Chile signed the Convention on 3 December 1997, ratified it on 10 September 2001, with the Convention entering into force for Chile on 1 March 2002.
In its initial transparency report submitted on 5 September 2002, Chile reported stockpiled anti-personnel mines under its ownership or possession.
Notwithstanding the obligation to destroy all stockpiled anti-personnel mines, the Convention permits the retention of the minimum number of anti-personnel mines absolutely necessary for the development of and training in mine detection, mine clearance, or mine destruction techniques.
In 2019, Chile destroyed the remaining 1,192 anti-personnel mines it had retained for permitted purposes and no longer holds anti-personnel mines as permitted under Article 3.
In its annual transparency report submitted on 30 April 2003, Albania reported that it had completed the destruction of all stockpiled anti-personnel mines. In total, Albania reported having destroyed 1,683,860 mines.
In its initial transparency report, Chile reported areas under its jurisdiction or control in which anti-personnel mines are known or suspected to be emplaced.
In accordance with Article 5 of the Convention, Chile undertook to destroy or ensure the destruction of all anti-personnel mines in these areas as soon as possible but not later than 1 March 2012.
On 14 April 2011, Chile submitted a request to extend its mine clearance deadline. The request was granted at the Eleventh Meeting of the States Parties and a new deadline set for 1 March 2020.
In early 2020, Chilean authorities announced having met the Article 5 obligation. A formal announcement was made by the Minister of Defence during the Eighteenth Meeting of the States Parties. Chile cleared 195 mined areas, 89 in the Arica and Parinacota Region, 8 in the Tarapacá Region, 2 in the Valparaíso Region, 1 in the Metropolitan Region, and 28 in the Chilean Magellan and Antarctic Region destroying 177,725 mines in the process.
Chile has undertaken to provide for the care and assistance of mine victims.
Chile is also a State Party to the Convention on the Rights of Persons with Disabilities.
Annually and no later than 30 April, each State Party is to update information covering the previous calendar year. The latest Article 7 reports for this State Party can be found further below.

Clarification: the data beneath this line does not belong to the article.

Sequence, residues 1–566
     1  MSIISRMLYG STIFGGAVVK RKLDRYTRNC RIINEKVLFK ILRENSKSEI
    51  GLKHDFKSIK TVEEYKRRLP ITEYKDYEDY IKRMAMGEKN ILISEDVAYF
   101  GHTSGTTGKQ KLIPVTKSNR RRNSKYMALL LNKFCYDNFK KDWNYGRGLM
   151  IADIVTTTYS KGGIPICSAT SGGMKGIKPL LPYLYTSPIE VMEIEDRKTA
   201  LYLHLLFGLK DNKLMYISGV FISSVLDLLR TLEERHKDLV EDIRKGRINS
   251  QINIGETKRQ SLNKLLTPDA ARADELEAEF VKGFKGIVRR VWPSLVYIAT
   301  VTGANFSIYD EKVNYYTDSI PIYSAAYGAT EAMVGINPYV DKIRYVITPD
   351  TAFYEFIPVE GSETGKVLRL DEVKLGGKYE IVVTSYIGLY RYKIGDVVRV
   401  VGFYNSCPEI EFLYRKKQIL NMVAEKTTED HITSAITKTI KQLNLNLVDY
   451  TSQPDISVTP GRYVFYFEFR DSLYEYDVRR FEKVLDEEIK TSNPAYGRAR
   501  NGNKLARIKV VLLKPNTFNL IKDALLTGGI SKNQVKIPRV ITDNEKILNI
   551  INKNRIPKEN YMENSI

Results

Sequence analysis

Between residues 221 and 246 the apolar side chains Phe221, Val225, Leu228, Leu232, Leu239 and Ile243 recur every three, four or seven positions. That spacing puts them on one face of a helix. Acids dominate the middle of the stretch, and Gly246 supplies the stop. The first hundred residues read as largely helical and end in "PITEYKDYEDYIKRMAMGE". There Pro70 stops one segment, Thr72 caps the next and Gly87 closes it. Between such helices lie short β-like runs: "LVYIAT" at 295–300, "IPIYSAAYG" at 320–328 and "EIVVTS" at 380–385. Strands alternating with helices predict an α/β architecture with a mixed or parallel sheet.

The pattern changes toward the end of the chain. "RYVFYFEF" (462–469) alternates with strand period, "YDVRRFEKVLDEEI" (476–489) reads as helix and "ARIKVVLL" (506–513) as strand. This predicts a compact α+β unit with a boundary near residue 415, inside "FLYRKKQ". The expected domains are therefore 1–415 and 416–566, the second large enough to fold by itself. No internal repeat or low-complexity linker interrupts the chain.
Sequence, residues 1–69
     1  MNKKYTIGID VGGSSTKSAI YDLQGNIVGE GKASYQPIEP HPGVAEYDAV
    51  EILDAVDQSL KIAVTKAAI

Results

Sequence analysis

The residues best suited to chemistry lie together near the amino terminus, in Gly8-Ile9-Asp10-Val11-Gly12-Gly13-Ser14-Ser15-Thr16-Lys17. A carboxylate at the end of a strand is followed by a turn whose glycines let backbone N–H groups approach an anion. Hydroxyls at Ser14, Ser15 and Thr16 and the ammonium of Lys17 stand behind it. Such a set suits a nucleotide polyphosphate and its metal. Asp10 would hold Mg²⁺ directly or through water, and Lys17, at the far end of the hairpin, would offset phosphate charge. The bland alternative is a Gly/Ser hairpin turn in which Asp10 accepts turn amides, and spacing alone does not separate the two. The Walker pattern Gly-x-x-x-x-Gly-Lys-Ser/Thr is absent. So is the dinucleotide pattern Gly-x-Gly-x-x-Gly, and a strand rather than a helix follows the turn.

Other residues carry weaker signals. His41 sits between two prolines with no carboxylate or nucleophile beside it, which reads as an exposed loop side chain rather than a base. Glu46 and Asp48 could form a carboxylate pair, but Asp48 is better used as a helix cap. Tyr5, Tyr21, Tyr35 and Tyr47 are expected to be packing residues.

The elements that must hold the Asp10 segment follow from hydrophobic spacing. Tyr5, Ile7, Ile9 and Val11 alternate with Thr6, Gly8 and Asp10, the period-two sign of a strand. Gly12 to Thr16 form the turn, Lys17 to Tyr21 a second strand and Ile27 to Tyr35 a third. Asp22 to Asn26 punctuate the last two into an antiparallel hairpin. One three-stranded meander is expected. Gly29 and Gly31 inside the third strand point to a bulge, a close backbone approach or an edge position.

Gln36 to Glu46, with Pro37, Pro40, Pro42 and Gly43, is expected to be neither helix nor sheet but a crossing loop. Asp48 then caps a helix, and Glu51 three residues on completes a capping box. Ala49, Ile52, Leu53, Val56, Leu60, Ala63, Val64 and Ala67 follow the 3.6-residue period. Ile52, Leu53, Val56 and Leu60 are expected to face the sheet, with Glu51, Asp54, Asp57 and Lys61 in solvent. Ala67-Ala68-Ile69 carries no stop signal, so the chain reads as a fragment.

Each State Party is to take all appropriate legal, administrative and other measures, including the imposition of penal sanctions, to prevent and suppress any activity prohibited to a State Party under this Convention undertaken by persons or on territory under its jurisdiction or control.
Chile has reported having established national implementation measures or that it considers existing legislation to be sufficient.
Chile held the Presidency of the Convention in 2018. H.E. Marta Mauras Permanent Representative of Chile to the UN in Geneva led the work of the States Parties during the 15MSP. Ambassador Mauras, was the fourth woman to preside over a Meeting of the States Parties since the Convention began its formal meetings in 1999. The 15MSP took place in Santiago, Chile from from 28 November to 1 December 2016.
- Find all the related press releases and photos from Chile's Presidency here.
“Chile’s success brings South America a step closer to its ambition of eradicating this scourge from the region. For mine-affected States including my own, Chile is proof that the end is within reach”.
The Minister of Foreign Affairs of Chile and 15MSP President Heraldo Muñoz signed the Reparation for Victims of Explosives and Anti-personnel Mines Law in Santiago, in the presence of President of Chile Michelle Bachelet, and Minister of Defense and Minister of Health and representatives of mine-affected communities, victims and survivors. The Law provides economic compensation for beneficiaries of those killed by landmines and other explosive remnants of war, and maintains sustained commitment in the form of medical benefits, rehabilitation and integration for landmine survivors.
View, download snapshots of Chile during Convention-related activities on Flickr.